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By the Numbers: Stress Awareness Month

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Published On: April 15, 2022

Each week, the Mployer Advisor team parses through dozens of reports, industry news, updates, and headlines. Not every statistic or data set warrants an exclusive blog post, but there are numbers that deserve to be reported on a smaller scale.    


April is Stress Awareness Month, so this edition of “By the Numbers” is all about employee stressors in and out of the workplace. Read on for all the latest data, trends, and commentary.  



This is the increase in adults reporting anxiety from 2019 to 2021, according to data by the Centers for Disease Control and Prevention. Additionally, depression rates tripled in this same period. Much of this can likely be attributed to the pandemic, however we have yet to see these rates drop. As such, mental health coverage via EAP (Employee Assistance Programs) or employer-sponsored healthcare coverage has become a vital benefit for a record number of Americans.  


For more information on how to support your employees’ mental health in the workplace, check out our recent webinar.  



The number of HR executives who say that their stress has increased in the past year, according to a recent survey published in Human Resource Executive. The survey also found that 53% of HR leaders feel burned out. Much of this is due to the increased workload since the start of the pandemic coupled with the lack of resources to address workload bottlenecks in a timely manner.  



This is the amount of the workday employees spend worrying about finances, according to a survey conducted by financial services provider SoFi at Work and HR research advisory Workplace Intelligence. Among these worries are retirement savings and credit card debt, as well as being able to afford basic expenses like rent and groceries.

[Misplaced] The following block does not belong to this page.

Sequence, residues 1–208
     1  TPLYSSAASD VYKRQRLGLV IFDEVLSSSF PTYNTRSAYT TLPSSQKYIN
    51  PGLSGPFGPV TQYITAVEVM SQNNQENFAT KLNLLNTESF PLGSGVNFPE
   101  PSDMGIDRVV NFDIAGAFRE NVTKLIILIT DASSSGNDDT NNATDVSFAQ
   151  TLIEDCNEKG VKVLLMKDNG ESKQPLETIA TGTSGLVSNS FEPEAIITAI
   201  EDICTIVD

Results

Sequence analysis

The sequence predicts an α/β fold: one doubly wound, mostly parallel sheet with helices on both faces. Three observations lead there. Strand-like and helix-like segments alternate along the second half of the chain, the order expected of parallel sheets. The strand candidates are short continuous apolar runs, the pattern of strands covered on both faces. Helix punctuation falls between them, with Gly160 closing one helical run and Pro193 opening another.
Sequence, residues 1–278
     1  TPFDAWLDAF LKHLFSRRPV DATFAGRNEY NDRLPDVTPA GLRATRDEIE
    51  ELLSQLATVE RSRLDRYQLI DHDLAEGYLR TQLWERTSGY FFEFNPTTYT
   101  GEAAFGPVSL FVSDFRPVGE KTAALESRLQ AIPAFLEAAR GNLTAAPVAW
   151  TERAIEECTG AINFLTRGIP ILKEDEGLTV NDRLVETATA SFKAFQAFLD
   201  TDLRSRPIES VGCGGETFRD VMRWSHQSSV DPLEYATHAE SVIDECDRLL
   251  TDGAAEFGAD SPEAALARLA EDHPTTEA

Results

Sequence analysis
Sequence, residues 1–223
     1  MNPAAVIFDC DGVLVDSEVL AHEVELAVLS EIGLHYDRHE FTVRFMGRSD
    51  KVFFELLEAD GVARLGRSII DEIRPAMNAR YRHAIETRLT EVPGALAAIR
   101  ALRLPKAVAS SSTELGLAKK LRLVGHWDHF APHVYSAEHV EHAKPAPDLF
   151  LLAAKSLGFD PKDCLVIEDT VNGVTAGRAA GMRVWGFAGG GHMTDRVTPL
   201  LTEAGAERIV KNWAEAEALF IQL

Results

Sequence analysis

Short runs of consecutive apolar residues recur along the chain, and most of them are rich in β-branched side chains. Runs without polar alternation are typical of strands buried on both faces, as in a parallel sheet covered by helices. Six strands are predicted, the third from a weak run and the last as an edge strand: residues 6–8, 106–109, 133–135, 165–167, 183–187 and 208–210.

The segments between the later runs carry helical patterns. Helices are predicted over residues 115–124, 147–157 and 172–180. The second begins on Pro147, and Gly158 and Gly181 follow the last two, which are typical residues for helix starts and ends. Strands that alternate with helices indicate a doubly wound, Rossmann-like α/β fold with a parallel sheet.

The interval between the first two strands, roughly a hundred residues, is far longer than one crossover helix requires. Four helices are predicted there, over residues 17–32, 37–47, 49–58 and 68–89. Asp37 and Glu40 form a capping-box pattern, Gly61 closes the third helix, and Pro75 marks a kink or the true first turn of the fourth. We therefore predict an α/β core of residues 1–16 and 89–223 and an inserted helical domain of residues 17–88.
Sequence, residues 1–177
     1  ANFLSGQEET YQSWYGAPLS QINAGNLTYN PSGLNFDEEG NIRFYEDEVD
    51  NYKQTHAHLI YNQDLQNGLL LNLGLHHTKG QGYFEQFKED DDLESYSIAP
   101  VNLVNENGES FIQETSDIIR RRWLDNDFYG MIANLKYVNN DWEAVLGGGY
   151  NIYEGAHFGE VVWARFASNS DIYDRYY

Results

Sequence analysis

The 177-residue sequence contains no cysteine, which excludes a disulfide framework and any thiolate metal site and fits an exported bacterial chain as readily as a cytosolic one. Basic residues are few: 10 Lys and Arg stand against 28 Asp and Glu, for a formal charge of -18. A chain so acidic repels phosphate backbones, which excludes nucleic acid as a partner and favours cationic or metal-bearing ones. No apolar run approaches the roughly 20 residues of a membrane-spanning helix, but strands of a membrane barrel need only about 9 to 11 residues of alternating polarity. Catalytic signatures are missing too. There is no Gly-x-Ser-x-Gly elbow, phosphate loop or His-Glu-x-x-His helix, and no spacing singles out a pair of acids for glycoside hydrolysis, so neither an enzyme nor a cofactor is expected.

“Offering financial well-being benefits isn’t just the right thing to do—it’s also a critical way to boost employee engagement and productivity,” Dan Schawbel, Managing Partner at Workplace Intelligence, said in a release about the survey’s findings. “But people’s preferences are quickly evolving, and the companies who can adapt quickly are the ones that will come out on top in the war for talent.” 



This is the amount that the average American’s household expenses have increased each month due to inflation, according to a report from Morning Consult. If you consider the fact that most Americans are unable to afford a $400 surprise expense, this finding is especially alarming; as such, financial benefits are quickly becoming a must-have for employees.  



The difference between workplace stress felt by American and Canadian workers compared to the rest of the world, according to Gallup’s 2021 “State of the Global Workplace” report. America is also one of the only countries without a federally mandated paid time off (PTO) policy and is considered to have more of a “workaholic” mindset. 



The percentage of people who are stressed about the cost of everyday items, according to data gathered by the American Psychological Association in partnership with the Harris Poll. The findings revealed that the largest source of financial stress was from the rise in the price of everyday items, such as gasoline, grocery bills, and energy costs.  


Looking for more exclusive content? Check out the latest over on the Mployer Advisor blog, or read on for our most recent By the Numbers: DEI and the Hybrid Workplace. 


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Sarah Ann Johnson

Marketing Analyst, Mployer Advisor


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